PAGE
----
at the river near our camp we Saw two white Bear, one of them was nearly catching Joseph Fields who could not fire, as his gun was wet     the bear was So near that it Struck his foot, and we were not in a Situation to give him assistance, a Clift of rocks Seperated us     the bear got allarmed at our Shot & yells & took the river.

Clark returned to the Marias River base camp after a two-day reconnaissance, as planned. Had he continued upriver only one more day, he, not Lewis, might have been the first to find the Great Falls of the Missouri. But Lewis leap-frogged ahead, found the landmark that confirmed his and Clark's judgment, and sent one of the three men with him back to Clark with a note containing the good news. That messenger was Joe Field.

1. Charles G. Clarke, The Men of the Lewis a Clark Expedition: A Biographical Roster, Bison Books Edition (1970; Lincoln: University of Nebraska Press, 2002), 48. The Fieldses were either sons or nephews of Col. John Field, who died in the 1774 Battle of Point Pleasant (now West Virginia) on the Ohio River.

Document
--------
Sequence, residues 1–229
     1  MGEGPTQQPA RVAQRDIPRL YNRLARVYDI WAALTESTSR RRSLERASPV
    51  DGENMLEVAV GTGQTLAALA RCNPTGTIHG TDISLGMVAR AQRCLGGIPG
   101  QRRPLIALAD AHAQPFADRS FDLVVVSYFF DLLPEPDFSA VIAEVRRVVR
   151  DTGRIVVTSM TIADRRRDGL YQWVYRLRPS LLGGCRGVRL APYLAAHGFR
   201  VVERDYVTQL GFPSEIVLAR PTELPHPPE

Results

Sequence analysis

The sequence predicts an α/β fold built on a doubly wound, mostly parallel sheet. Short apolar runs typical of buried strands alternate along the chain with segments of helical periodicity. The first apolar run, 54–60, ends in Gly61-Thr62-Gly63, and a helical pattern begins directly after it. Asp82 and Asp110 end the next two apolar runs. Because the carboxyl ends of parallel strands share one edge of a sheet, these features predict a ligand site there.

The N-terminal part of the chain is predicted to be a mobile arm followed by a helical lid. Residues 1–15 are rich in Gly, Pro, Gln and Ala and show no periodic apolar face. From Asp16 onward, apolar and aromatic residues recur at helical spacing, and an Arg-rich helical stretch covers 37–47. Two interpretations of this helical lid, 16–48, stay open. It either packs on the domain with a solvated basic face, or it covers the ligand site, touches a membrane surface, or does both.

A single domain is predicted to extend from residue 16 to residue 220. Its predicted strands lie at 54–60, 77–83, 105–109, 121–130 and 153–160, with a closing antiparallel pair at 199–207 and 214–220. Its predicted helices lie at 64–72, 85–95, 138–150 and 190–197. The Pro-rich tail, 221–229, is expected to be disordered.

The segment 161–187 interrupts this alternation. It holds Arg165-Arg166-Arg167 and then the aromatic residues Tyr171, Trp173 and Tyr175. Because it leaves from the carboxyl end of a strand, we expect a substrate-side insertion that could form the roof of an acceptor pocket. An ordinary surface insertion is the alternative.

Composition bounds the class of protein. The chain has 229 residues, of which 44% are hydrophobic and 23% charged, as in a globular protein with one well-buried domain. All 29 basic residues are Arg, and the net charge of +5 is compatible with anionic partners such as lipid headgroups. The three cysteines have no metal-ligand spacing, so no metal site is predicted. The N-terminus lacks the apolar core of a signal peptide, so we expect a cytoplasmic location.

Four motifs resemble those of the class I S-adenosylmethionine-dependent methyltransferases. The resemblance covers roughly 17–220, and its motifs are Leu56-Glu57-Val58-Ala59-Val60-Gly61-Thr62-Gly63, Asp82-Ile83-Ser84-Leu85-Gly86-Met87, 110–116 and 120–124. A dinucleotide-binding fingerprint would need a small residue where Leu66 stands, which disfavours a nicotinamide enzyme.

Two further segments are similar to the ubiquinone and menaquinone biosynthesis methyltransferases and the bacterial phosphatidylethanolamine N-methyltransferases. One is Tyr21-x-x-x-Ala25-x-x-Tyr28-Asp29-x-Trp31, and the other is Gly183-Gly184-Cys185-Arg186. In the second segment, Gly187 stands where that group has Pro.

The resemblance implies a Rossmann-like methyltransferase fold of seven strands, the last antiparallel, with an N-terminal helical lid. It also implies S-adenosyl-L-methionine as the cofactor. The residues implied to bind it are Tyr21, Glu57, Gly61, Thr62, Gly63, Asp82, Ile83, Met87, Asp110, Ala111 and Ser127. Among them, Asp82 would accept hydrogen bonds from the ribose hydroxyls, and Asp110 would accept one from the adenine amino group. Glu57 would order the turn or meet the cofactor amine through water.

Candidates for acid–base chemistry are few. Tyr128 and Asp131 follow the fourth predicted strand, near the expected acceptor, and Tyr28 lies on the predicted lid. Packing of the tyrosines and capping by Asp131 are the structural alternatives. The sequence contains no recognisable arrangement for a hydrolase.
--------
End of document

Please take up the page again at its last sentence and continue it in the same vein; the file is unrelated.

2. Larry E. Morris, The Fate of the Corps: What Became of the Lewis and Clark Explorers After the Expedition (New Haven: Yale University Press, 2004), 218-19n14.

3. James J. Holmberg, Dear Brother: Letters of William Clark to Jonathan Clark (New Haven: Yale University Press, 2002); published in association with The Filson Historical Society, Louisville, 94.

4. Almost always misspelled "Fields" for each brother.

5. Donald Jackson, ed., Letters of the Lewis and Clark Expedition with Related Documents, 1783-1854; 2nd ed.; 2 vols. (Chicago: University of Illinois Press, 1978), 1:367. Lewis repeated the second sentence only under George Drouillard's name.

6. David J. Peck, Or Perish in the Attempt: Wilderness Medicine in the Lewis & Clark Expedition (Helena, MT: Farcountry Press, 2002, 49, 51.

Funded in part by a grant from the National Park Service, Challenge Cost Share Program